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Review: Force Majeure

January 5, 2015

By John Corrado

★★★★ (out of 4)

Force Majeure Poster

There’s a valid reason why the Swedish export Force Majeure, a festival sensation and sure to be frontrunner for Best Foreign Language Film at the Oscars, remains among the most discussed and widely praised movies of 2014.

This is simply one of the best films of the recently wrapped year, a compelling and wildly entertaining dissection of relationships, gender politics and societal expectations, that cuts deep and explodes with the same force as the avalanche at the centre of the story.  There’s just so much here that’s worth talking about.

Tomas (Johannes Bah Kuhnke) and his wife Ebba (Lisa Loven Kongsli) are on a five day skiing vacation in France, with their two kids Vera (Clara Wettergren) and Harry (Vincent Wettergren).  We soon find out that Tomas is a workaholic, and the impromptu photo session of the opening scene subtly reveals the increasingly staid nature of their relationship.

But things change even more dramatically for them on the second day.  When a controlled avalanche breaks out that appears to be heading right towards the restaurant where they are having lunch, Tomas panics and runs away, grabbing only his gloves and phone, leaving Ebba and the kids to hide under a table.  Everyone is safe and shortly reunited, but there is suddenly a rift between them, the scope of which we immediately sense through the screen.

Ebba is left terrified by the thought that her husband could so easily abandon her, and Tomas feels like his dignity and manhood are being challenged when she finally confronts him about it.  Through this, the film brilliantly questions stereotypes of masculinity and femininity, showing fear and cowardice as primal responses that can strike anyone in much the same way.  Was Tomas right to run away?  No, but is Ebba right to always bring up the incident in front of dinner guests, forcing other couples to share their own thoughts on the situation, and transferring the argument over to them?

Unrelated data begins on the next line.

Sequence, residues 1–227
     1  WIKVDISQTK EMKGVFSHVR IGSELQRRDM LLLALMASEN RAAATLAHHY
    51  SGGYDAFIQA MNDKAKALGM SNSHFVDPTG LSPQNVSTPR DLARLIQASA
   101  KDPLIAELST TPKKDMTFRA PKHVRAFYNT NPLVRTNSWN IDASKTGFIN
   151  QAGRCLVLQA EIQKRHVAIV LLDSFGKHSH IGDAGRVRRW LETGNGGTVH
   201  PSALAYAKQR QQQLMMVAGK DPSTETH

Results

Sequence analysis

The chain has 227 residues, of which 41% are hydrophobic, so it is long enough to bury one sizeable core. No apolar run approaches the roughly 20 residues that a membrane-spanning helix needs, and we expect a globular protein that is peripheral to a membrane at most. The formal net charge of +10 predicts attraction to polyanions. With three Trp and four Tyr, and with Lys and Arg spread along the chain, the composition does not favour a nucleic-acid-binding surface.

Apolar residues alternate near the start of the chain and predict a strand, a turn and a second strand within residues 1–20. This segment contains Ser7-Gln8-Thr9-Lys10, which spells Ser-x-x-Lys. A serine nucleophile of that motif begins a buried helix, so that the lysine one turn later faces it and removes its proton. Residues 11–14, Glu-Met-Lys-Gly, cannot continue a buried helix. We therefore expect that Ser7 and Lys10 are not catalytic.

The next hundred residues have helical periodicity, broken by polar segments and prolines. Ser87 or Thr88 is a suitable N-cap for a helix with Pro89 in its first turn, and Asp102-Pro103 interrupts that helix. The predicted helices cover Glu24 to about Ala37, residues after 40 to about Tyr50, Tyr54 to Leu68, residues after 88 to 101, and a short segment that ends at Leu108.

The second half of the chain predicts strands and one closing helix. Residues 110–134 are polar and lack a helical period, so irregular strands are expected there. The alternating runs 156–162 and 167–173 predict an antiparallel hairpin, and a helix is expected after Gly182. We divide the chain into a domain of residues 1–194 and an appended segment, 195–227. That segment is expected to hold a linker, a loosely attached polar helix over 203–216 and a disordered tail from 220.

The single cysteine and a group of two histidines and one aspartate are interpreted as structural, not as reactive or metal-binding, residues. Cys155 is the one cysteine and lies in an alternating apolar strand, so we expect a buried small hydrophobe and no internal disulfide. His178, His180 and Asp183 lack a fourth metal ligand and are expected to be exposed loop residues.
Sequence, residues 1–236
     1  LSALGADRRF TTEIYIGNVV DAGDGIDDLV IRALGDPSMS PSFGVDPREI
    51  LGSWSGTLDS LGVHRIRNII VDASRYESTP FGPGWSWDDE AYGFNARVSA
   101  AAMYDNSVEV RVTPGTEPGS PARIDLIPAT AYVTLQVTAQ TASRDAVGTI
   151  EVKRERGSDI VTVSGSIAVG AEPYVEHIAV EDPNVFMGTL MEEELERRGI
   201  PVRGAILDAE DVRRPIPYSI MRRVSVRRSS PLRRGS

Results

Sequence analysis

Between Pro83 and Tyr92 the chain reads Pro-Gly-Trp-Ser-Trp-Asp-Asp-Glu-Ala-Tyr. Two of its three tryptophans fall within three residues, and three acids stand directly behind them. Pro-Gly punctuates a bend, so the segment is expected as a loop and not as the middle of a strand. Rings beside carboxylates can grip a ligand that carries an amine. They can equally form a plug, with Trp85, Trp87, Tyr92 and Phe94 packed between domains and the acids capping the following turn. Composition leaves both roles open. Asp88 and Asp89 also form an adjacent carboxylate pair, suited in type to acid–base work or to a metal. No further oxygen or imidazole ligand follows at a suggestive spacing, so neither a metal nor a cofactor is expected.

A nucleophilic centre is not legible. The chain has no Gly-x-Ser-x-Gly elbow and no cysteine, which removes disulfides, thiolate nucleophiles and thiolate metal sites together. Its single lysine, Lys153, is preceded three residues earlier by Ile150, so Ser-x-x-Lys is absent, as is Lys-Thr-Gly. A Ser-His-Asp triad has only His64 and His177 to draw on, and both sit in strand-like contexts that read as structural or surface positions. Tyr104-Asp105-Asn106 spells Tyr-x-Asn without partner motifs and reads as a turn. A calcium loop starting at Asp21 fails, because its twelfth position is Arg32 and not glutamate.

There are no easy answers, just more questions, which is precisely the strength of Force Majeure.  Even on vacation, this is a family trapped in a seemingly endless cycle, from which they can’t escape.  Perfectly edited montages of exploding cannons, set to operatic music and the cacophonic noise of their electric toothbrushes buzzing in unison, help symbolize the forced monotony of their lives.  The cinematography is striking, putting the audience right on the creaking ski lifts and engulfing us in the snowy landscapes, while also adding visual intrigue to the dialogue scenes and hotel room interactions.

The film brilliantly uses long takes and stationary shots to display palpable tension within every frame, as the different camera angles help signify power shifts between the characters.  This includes a memorable moment where Ebba sits down in the foreground of the frame, putting her back to the camera, and effectively blocking her husband from view.  There are also some interesting uses of mirrors, particularly in the bathroom scenes that blur boundaries, without actually bringing them any closer.

Director Ruben Östlund has crafted a work of absolute genius, perfectly handling all of these complicated emotions, with every little moment adding something integral to the larger story and themes.  His screenplay draws powerful comparisons between characters and events, coming full circle in the perfectly setup final moments, keeping this fascinating conversation going long after the credits roll.  The acting is uniformly excellent, with the completely believable performances further drawing us in throughout every one of these impeccably staged scenes.

Provoking constant thought, while also providing an icy blast of entertainment, Force Majeure keeps us hooked with perverse curiosity as the dynamics between these characters grow increasingly more complex.  Brilliantly mixing domestic drama with appropriately uncomfortable humour, this is an ingeniously written look at how one moment of panic can literally snowball out of control, that ends with the lingering question of what would you do?

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